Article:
This is the kind of state that we need. We, its citizens, are the only ones who can achieve this goal; however, we need to internalise first that the state is not a foreign entity. It is ours, it belongs to us, since we are the ones who elect our leaders according to democratic processes. It is even more important for us to internalise that since the state is ours, we are obliged to obey to the laws. Even when our leaders do not act accordingly to their pre-election promises, we can criticise them, but we need to wait for the right time (the elections) to replace them and thus punish them.

In our region, Mani, from the time of our ancestors, the bonds between Individual – Family – Community were exceptionally close. In addition, our ancestors understood the necessity for the creation of an independent modern Greek state, and they willingly and selflessly led the struggle for indepenence. They did this, although occupation was not as hard in our area, since Mani had the privilege of local autonomy. In the present difficult times, we need to learn from our ancestors and finally develop a genuine rapport to our state. Harmony with the state can be achieved not only by careful selection of our representatives during election time, but also by our adherence to the laws. In this way, we too will contribute to fostering a harmonious rapport of Individual – Family – Community – State, which will be an important step in the development of our area.



   The Greek generations that were in charge after the fall of the dictatorship in 1975 are those carrying considerable responsibility for the difficult financial situation in which we are today. Of course, we, the Greek voters, carry responsibility for the governance of the politicians that we elected; we are also responsible for the general mentality, the life goals and the everyday activities that gradually developed in our country. These ideas have been dominant for many years; they are automatically being transferred to future generations and have helped create negative role models. This mentality was the product of the false booming financial situation, which was due to extensive borrowing and the populist way of governing by the state. The false prosperity is still being promoted and it is considered by the newer generations as a given. The weaning of the Greek people, particularly of the young ones, from this mentality, is very slow and painful in spite of the economic crisis that has been plaguing our country for the past eight years.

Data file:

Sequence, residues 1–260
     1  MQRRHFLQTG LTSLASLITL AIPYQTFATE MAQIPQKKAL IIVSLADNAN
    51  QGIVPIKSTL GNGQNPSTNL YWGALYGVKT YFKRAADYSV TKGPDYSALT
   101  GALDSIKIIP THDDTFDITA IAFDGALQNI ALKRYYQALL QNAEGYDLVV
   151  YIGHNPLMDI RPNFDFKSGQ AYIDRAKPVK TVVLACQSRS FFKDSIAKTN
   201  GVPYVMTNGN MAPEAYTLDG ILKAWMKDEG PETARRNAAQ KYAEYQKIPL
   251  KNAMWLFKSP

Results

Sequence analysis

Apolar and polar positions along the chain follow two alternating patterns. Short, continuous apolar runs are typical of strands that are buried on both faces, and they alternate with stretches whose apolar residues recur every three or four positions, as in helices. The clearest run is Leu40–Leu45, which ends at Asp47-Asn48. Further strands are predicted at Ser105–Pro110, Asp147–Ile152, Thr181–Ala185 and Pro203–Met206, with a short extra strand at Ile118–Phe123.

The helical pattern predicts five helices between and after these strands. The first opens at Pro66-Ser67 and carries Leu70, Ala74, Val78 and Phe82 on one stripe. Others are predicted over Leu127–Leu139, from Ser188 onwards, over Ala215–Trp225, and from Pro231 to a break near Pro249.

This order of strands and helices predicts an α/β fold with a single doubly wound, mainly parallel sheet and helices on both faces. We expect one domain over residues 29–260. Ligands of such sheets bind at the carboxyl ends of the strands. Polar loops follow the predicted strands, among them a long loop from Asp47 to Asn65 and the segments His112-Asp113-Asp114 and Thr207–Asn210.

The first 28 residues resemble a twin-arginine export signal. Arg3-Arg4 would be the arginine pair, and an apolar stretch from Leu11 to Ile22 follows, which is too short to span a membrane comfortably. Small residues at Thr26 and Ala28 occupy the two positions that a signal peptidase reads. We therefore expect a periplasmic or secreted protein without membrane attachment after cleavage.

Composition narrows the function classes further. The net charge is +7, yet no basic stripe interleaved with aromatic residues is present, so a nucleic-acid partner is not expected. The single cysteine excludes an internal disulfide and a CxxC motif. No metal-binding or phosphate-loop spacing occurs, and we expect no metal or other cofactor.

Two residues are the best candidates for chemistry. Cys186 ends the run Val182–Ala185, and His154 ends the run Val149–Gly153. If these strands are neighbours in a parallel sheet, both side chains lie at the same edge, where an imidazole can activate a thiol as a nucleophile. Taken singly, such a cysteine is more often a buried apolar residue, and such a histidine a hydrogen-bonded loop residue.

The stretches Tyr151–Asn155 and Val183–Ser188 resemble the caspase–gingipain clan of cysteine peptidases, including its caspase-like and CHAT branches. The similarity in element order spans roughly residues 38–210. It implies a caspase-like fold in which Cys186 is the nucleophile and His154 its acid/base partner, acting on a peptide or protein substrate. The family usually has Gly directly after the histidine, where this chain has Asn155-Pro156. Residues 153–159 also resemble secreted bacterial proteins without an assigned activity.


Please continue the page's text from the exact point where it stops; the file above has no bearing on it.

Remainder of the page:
The process of reversing the present difficult situation will be long and painful. Getting out of a long societal or economic crisis will require a drastic change in the mentality that we, the older ones, have transferred to the young generations. Since we are those who created this mentality, it is our responsibility to identify its characteristics as well as the negative societal archetypes that it has created for the young people.

   We have given our youth exemplars that were characterised by fragmentation and reduced effort. These negative examples were promoted slowly but steadily by the political institutions as well as by the family and schools. Any effort to change these exemplars has to start in the way the country is governed, which unfortunately has largely remained the same during the eight years of the crisis. It is hard to foresee how many years the crisis will last, since this is not a crisis of numbers, but a crisis of mentality. We might have recently seen a ray of hope in the right direction

As we mentioned, the responsibility for the mentality that we described above does not lie only with the political institutions. School institutions and the family are also partly responsible for it, and it is necessary that they too start promoting the opposite of the above negative societal archetypes. It is necessary that they promote instead the following values: solid and effective combined efforts on the part of all members of the society. When the society as a whole promotes this kind of steadfast effort and healthy mentality, and when these values are reinforced by the schools and the family, then we can hope to see an increase in our productivity and a recovery from the recession in the long term. It has been proven that for economic recovery to happen, we need a society that works with efficiency and conscientious collaboration. We, the older generations, have ignored these values. We need to own up to our responsibilities and promote the values of efficiency and collaboration to the new generations.